These events serve to break up the monotony of the day, allowing families to get out of the house and enjoy something fun where they don’t have to worry about disinfecting or following protocols.

Pandemic fatigue is a real thing — the public has grown weary of functioning in this new COVID-19 reality. For Dragonfly patients, it’s even worse because they have limitations on visitors in the hospital. Visitors are also limited on scan days and during operations and treatments. “That’s mentally daunting on these families who want to support their loved one,” says Geier. “Nobody wants to go through anything like that alone.”

One Dragonfly mom noted that having a child who has been diagnosed with cancer is tough enough, but COVID-19 has made it even harder.

“What made battling cancer bearable was being able to have friends and family go on the journey with [us],” she says. “My daughter loved having family visit her at the hospital and having big celebrations at home with friends at the end of each chemo cycle. I loved being able to sit and talk with other parents in the hospital break room. COVID has made being a cancer family even more of an isolating experience. Luck- ily, Dragonfly has done their best to still create a sense of community with patients and their families by hosting virtual events and providing children gifts and experiences that remind them that they are not alone in this battle.”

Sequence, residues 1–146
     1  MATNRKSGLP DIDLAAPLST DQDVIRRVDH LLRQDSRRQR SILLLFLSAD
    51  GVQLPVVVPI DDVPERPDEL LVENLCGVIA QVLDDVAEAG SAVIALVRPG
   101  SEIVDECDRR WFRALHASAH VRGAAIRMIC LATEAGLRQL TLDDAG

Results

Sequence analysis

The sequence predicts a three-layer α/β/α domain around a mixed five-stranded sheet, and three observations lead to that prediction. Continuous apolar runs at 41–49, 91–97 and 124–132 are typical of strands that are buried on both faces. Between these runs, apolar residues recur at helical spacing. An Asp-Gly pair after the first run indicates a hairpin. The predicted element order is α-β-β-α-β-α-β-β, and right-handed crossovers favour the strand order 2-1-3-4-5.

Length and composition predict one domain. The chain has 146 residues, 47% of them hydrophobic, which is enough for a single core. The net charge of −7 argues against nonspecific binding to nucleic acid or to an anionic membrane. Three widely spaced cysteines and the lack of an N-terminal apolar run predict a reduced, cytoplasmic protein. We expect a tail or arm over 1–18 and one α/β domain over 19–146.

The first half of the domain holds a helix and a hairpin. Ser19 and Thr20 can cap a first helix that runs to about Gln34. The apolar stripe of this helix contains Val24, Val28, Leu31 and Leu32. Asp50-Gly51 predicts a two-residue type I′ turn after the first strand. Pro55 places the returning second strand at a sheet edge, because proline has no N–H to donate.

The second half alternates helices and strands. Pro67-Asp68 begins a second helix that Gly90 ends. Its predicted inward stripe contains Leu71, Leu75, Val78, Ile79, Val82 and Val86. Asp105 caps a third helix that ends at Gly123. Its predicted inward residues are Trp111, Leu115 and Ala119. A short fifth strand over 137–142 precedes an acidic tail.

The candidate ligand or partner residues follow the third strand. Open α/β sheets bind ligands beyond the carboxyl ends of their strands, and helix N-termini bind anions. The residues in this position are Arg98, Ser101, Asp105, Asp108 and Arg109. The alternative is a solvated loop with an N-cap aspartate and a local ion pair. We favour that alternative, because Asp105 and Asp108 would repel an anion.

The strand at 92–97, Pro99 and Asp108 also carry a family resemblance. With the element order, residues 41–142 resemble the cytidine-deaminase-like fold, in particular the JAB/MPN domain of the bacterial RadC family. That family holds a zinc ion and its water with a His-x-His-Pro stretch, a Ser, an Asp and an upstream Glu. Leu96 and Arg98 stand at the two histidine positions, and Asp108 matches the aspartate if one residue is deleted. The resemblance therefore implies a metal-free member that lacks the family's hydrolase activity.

Geier suspects that even when life returns to some semblance of normal, Dragonfly families will remain cautious.

“I think they will tread lightly, and rightfully so, because they’re taking care of immune systems for a loved one who is sick,” says Geier. “One thing I’ll say about our families, though, is that they are resilient, strong and brave. They do not complain.”

That’s why he loves interacting with these parents; he always walks away feeling inspired.

“Despite what they’re going through, they’re positive, loving, caring individuals,” he says. “I can’t say enough about them. They are amazing human beings.”

He shares the story of a family with twin daughters. When one of them was diagnosed with an illness and admitted to the hospital, any time a social worker would bring a new book to her room, her daughter’s face lit up. The mom recently reached out to Geier and told him she started a book collection because books were such a big help for her daughter when she was hospitalized.

“She donated her collection of books, which are for kids of all ages and interests, in order to pass that joy on to other patients,” says Geier. “We’ve been there, unable to leave the hospital,” the mom had said.

“Books helped pass the time.”

“This is what I’m talking about,” says Geier. “Despite what these families are going through, they think of ways to help others navigate the journey. These families thank us all the time, but really we should be thanking them because they show us how we should be living — by enjoying life and appreciating everything we have.” 


The Dragonfly Landing is located at 506 Oak St., Cincinnati, OH 45219. For more information, call 513.494.6474 or visit dragonfly.org.